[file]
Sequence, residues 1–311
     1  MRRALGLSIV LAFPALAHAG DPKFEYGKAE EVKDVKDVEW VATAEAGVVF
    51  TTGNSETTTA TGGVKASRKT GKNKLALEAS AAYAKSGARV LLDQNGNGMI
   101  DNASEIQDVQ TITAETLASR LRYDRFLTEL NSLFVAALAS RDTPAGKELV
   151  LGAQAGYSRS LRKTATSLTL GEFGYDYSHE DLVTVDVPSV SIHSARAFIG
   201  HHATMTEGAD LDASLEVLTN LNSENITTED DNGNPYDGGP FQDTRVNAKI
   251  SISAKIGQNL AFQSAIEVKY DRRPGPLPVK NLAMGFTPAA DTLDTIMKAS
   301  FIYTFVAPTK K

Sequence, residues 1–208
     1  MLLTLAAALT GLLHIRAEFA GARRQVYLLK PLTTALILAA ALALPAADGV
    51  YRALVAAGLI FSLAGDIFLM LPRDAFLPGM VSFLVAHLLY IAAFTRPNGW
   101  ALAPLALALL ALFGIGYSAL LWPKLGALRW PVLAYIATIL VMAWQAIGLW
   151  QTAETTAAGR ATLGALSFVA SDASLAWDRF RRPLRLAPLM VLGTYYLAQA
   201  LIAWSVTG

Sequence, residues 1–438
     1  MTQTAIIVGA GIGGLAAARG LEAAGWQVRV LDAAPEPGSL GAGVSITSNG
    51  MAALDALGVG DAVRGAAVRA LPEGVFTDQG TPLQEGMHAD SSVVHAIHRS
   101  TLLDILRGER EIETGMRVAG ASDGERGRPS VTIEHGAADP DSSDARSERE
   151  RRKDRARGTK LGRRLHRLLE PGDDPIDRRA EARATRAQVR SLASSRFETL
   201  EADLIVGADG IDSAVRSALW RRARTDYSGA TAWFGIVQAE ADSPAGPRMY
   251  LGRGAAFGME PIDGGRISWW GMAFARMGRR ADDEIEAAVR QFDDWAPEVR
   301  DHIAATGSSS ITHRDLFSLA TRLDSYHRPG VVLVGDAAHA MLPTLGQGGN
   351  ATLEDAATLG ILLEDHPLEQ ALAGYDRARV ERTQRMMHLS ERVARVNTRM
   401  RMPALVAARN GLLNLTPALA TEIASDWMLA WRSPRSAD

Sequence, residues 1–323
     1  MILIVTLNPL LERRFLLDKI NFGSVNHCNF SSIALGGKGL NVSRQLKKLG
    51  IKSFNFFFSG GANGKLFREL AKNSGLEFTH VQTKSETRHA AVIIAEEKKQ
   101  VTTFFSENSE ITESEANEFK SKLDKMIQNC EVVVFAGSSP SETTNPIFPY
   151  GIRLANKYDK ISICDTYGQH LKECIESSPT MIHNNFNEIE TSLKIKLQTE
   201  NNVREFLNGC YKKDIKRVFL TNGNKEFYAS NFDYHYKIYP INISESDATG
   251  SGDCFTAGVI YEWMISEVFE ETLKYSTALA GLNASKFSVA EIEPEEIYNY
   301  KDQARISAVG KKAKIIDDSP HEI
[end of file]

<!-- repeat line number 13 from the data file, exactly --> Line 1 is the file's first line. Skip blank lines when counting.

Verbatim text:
   151  QTAETTAAGR ATLGALSFVA SDASLAWDRF RRPLRLAPLM VLGTYYLAQA